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IDEA Complaint Decision 15-068

On December 10, 2015, the Department of Public Instruction (department) received a complaint under state and federal special education law from XXXXX against the Sun Prairie Area School District. This is the department’s decision regarding that complaint. The issues are whether the district, during the 2015-16 school year, properly developed the individualized education program (IEP) of a student with a disability regarding behavioral supports and properly implemented the IEP of a student with a disability.

The student’s IEP in effect for the 2015-16 school year was developed on September 25, 2015. The description of the student’s present level of academic achievement and functional performance includes detailed information about the student’s behavior. Behavior is identified as a factor that impedes the student’s learning, and the IEP includes a behavior intervention plan (BIP), which includes positive behavior supports and strategies such as step-by-step directions, visual schedule and checklists, social stories, concrete protocols, and explicit “first-then” language. The IEP contains a measurable annual goal with short term objectives to address behavior, with corresponding special education services. The student’s IEP was properly developed regarding behavioral supports.

On November 19, 2015, the parent observed the student in school. Following the observation the parent contacted the district and provided a list of services and supports in the IEP the parent was concerned were not being provided. The district responded to the parent on November 23 and scheduled an IEP meeting to address the parent concerns.

The student’s IEP includes special education services in social skill instruction including opportunities for modeling and guided and supported practice with peers. During the 2015-16 school year, the student regularly received social instruction and peer interactions as specified in the IEP.

The IEP team developed supplementary aids and services that included visual schedules and prompts; low assistive technology supports including visual cues and prompts, visuals for instruction, and visual timers; and sensory breaks. Staff interviews demonstrated that visual supports were provided which included a visual schedule, first-then board, pictures to identify materials, literacy instruction using pictures, a visual calendar, social stories, and visual timers during sensory breaks, and verbal instructions paired with pictures. The student consistently received sensory breaks after periods of academic instruction including the use of scents, weighted vests, tactile manipulatives, a swing, and scooter boards. Supplementary aids and services were provided as described in the IEP.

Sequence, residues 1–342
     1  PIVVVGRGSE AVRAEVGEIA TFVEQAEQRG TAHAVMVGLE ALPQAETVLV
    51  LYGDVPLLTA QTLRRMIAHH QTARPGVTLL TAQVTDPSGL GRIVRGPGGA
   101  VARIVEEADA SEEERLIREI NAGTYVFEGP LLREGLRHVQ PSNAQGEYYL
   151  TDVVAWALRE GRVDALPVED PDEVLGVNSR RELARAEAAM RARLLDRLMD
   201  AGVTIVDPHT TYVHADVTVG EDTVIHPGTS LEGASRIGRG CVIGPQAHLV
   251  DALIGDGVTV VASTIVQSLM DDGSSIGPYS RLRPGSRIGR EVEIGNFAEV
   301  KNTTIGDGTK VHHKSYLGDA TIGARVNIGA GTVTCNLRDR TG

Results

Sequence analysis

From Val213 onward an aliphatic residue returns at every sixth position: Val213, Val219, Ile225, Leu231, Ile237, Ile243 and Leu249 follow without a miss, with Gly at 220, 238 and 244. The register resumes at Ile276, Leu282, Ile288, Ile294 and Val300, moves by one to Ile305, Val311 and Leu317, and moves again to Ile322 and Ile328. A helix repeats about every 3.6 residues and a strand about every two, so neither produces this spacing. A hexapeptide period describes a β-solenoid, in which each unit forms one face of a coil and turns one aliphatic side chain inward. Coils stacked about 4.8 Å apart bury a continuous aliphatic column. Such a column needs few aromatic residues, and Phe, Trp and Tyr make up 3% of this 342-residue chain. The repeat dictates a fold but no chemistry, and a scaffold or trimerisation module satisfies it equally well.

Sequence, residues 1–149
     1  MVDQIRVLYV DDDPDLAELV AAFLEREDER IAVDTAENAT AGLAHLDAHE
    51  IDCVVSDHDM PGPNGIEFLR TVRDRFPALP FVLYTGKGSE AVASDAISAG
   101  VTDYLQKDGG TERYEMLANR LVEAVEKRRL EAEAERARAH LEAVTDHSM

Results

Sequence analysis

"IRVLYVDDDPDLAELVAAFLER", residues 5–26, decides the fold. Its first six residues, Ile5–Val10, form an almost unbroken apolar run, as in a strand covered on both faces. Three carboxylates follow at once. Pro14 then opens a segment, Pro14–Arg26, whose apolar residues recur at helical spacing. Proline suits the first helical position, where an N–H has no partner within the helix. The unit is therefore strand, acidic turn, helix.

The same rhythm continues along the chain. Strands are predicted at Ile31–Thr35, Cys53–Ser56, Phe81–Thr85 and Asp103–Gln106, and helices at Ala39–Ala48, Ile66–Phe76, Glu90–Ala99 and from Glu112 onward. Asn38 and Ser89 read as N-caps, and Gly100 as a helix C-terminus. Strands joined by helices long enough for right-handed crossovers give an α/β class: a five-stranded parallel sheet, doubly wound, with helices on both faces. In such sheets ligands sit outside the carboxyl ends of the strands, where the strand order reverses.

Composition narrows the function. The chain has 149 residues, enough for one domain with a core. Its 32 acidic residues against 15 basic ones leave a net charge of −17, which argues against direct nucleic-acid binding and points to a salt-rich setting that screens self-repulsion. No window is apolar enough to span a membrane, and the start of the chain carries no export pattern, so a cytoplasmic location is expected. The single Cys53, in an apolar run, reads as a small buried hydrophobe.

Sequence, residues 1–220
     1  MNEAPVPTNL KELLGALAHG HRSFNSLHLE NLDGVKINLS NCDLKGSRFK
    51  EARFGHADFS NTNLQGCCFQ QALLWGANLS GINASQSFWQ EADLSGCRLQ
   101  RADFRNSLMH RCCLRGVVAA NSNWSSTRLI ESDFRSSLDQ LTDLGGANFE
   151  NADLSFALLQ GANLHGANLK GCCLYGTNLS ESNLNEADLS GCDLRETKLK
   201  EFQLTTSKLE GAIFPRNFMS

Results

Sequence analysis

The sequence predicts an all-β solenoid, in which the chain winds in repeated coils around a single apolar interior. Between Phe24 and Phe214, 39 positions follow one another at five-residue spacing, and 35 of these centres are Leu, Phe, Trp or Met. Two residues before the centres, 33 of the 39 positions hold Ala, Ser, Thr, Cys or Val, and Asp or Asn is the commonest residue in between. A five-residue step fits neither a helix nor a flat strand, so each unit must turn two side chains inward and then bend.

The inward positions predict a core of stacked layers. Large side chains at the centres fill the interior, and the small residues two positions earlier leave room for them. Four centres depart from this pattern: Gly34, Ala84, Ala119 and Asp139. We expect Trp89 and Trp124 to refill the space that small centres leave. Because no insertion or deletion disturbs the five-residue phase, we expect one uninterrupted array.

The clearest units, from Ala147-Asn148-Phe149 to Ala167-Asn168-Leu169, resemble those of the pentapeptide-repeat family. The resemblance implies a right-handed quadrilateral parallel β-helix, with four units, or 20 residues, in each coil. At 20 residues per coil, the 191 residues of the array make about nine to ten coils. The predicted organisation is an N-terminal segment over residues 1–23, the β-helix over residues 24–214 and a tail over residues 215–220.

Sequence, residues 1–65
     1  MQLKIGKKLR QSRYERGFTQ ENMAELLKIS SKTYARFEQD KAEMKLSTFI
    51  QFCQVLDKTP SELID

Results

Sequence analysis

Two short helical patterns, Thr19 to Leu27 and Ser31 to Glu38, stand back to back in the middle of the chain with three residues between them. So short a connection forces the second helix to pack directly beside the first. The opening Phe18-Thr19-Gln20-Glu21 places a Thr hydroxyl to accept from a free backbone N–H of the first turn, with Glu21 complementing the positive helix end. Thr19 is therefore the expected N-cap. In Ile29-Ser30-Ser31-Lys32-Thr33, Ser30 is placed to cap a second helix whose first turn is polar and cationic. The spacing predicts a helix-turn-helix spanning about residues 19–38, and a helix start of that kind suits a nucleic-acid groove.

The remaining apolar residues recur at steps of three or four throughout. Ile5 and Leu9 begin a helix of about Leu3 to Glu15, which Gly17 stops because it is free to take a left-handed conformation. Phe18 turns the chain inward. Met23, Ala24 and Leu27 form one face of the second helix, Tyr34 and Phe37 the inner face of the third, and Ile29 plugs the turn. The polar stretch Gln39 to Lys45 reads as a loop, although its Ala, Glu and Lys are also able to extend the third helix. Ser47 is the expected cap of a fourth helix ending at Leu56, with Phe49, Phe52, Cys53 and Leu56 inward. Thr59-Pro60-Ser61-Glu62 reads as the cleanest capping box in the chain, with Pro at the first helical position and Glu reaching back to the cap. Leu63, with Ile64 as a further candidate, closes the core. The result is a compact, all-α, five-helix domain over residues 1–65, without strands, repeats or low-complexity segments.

The student’s IEP states that the school will provide weekly communication with the student’s parents on behaviors and short term progress toward goals. The IEP also states the parents will be provided quarterly reports about the student’s progress toward meeting annual goals. Documentation provided by the district demonstrates district staff kept daily behavior charts and communicated the student’s behavior to the parents throughout the week. The parent was provided weekly communication on the student’s progress. The parent was provided quarterly reports regarding the student’s progress towards meeting annual goals. The district properly implemented the student’s IEP.

This concludes our review of this complaint. 

//signed CST 2/3/2016
Carolyn Stanford Taylor
Assistant State Superintendent
Division for Learning Support

Dec/sao